Dealing with diabetes

  • by African Times
  • 2 Years ago
  • 0

Dr Tendani Matoro provides practical information on this disease and how it can be managed

THE ancient Greeks are known for their keen observational skills and curiosity. It is no surprise that they were able to find a link between diabetics and excessive urination.

At some point, diabetes was seen as a death sentence owing to its complexity and lack of effective treatment at the time.

To differentiate the other form of diabetes which also involves excessive urinating (diabetes insipidus) from the commonly known “sugar diabetes”, the term diabetes mellitus is commonly used. From Latin origin, mellitus means sweet.


Four broad types of diabetes mellitus are known.

Type 1 diabetes usually results from destruction of pancreatic cells that produce insulin. Insulin is like a key that opens cells to allow sugar (glucose) uptake. Without adequate production of this key in the pancreas, glucose levels in the blood will increase.

Type 2 diabetes is more common than type 1. In these patients, the key is generally produced in good quantities. The problem is with the lock (cell receptors) that does not respond well to the key. Unopened cells will not take up glucose well, amounting to excess glucose in the blood.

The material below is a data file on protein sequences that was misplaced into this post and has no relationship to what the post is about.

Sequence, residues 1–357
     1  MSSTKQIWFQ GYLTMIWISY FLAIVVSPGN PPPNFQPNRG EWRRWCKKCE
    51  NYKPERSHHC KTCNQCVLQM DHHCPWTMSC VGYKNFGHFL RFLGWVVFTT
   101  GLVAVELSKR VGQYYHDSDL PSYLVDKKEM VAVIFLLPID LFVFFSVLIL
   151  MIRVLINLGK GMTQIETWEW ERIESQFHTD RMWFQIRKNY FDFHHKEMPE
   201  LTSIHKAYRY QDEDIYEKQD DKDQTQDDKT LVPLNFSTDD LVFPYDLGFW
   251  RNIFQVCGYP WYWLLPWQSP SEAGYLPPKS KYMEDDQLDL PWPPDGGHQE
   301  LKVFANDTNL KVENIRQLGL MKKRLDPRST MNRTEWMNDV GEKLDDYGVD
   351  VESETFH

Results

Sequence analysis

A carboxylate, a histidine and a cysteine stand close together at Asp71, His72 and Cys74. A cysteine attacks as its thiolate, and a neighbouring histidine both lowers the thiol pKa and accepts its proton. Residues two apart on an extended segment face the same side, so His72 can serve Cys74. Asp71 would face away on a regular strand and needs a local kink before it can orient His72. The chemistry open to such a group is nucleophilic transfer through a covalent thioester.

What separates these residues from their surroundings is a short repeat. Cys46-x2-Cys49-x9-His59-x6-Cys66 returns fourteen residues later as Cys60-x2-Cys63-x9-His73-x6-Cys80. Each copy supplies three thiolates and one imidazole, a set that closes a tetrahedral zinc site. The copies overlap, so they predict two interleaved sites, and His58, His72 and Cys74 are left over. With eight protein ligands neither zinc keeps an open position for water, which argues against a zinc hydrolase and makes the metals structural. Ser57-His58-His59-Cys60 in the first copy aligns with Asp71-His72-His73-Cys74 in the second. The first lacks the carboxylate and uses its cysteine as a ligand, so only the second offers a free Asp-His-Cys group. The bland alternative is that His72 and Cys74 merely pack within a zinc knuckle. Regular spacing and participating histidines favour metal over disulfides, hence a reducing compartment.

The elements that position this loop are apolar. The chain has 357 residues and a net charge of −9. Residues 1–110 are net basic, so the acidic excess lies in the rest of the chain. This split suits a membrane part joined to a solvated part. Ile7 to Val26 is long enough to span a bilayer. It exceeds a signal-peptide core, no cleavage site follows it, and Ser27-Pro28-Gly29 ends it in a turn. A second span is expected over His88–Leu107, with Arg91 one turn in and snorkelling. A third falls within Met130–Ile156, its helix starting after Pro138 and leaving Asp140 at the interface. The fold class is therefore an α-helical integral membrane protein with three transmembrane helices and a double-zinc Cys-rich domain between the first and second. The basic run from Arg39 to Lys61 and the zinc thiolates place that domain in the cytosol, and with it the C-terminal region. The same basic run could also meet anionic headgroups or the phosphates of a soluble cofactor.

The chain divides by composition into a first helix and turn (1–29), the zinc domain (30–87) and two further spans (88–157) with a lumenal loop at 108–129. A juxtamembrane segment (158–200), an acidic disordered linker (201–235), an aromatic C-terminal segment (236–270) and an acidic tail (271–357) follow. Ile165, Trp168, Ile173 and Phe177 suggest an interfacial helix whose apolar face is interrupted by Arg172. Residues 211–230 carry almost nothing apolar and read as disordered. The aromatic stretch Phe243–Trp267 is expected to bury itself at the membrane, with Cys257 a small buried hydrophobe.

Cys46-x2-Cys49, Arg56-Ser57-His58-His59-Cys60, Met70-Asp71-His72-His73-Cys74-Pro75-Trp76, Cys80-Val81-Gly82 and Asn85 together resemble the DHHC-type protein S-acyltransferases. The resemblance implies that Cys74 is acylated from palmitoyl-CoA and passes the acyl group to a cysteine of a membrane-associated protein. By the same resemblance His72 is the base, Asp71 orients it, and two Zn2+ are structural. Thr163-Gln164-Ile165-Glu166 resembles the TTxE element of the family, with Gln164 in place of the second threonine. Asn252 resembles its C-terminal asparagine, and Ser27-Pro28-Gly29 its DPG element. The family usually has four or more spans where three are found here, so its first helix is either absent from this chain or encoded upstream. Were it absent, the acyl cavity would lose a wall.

Specific types of diabetes also exist. These are related to abnormal genetic coding (that tells cells or the pancreas how to behave), diseases of the pancreas, endocrine (gland) disorders, chemical or drug-induced causes.

Gestational diabetes is related to pregnancy.

Type 1 vs Type 2

Most people differentiate type 1 from type 2 by the need for insulin in the former. Although mostly true, some type 2 patients may need insulin later in life.

Age of onset

Type 1 diabetes generally starts at an earlier age (below 30). Type 2 is linked with lifestyle diseases thus is commonly seen in older people. There are emerging cases of type 2 diabetes in the young and adolescence.

Body weight

Type 1 sufferers are usually lean. This may be related to the ongoing disease process that breaks down the body’s muscle and fat cells for use as fuel for the cells, since glucose cannot readily enter the cells. Type 2 is commonly found in overweight or obese people that may show signs of glucose resistance on physical examination by the trained eye.